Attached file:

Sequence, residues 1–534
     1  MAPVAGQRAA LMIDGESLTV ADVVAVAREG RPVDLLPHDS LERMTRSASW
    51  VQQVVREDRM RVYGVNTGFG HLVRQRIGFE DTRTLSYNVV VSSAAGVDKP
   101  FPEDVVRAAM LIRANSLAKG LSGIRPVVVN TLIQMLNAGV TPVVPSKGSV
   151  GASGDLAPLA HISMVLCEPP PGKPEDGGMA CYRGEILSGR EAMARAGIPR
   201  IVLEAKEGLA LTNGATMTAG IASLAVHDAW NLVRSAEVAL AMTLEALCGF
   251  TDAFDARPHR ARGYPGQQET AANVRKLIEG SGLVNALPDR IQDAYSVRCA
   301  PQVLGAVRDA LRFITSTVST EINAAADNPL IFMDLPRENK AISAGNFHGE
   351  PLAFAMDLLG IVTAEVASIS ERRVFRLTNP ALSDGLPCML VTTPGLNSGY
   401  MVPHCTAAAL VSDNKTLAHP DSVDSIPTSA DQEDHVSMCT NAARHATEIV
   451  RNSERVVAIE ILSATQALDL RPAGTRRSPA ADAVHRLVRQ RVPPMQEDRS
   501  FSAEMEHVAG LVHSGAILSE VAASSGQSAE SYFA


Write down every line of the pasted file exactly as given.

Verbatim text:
Sequence, residues 1–534
     1  MAPVAGQRAA LMIDGESLTV ADVVAVAREG RPVDLLPHDS LERMTRSASW
    51  VQQVVREDRM RVYGVNTGFG HLVRQRIGFE DTRTLSYNVV VSSAAGVDKP
   101  FPEDVVRAAM LIRANSLAKG LSGIRPVVVN TLIQMLNAGV TPVVPSKGSV
   151  GASGDLAPLA HISMVLCEPP PGKPEDGGMA CYRGEILSGR EAMARAGIPR
   201  IVLEAKEGLA LTNGATMTAG IASLAVHDAW NLVRSAEVAL AMTLEALCGF
   251  TDAFDARPHR ARGYPGQQET AANVRKLIEG SGLVNALPDR IQDAYSVRCA
   301  PQVLGAVRDA LRFITSTVST EINAAADNPL IFMDLPRENK AISAGNFHGE
   351  PLAFAMDLLG IVTAEVASIS ERRVFRLTNP ALSDGLPCML VTTPGLNSGY
   401  MVPHCTAAAL VSDNKTLAHP DSVDSIPTSA DQEDHVSMCT NAARHATEIV
   451  RNSERVVAIE ILSATQALDL RPAGTRRSPA ADAVHRLVRQ RVPPMQEDRS
   501  FSAEMEHVAG LVHSGAILSE VAASSGQSAE SYFA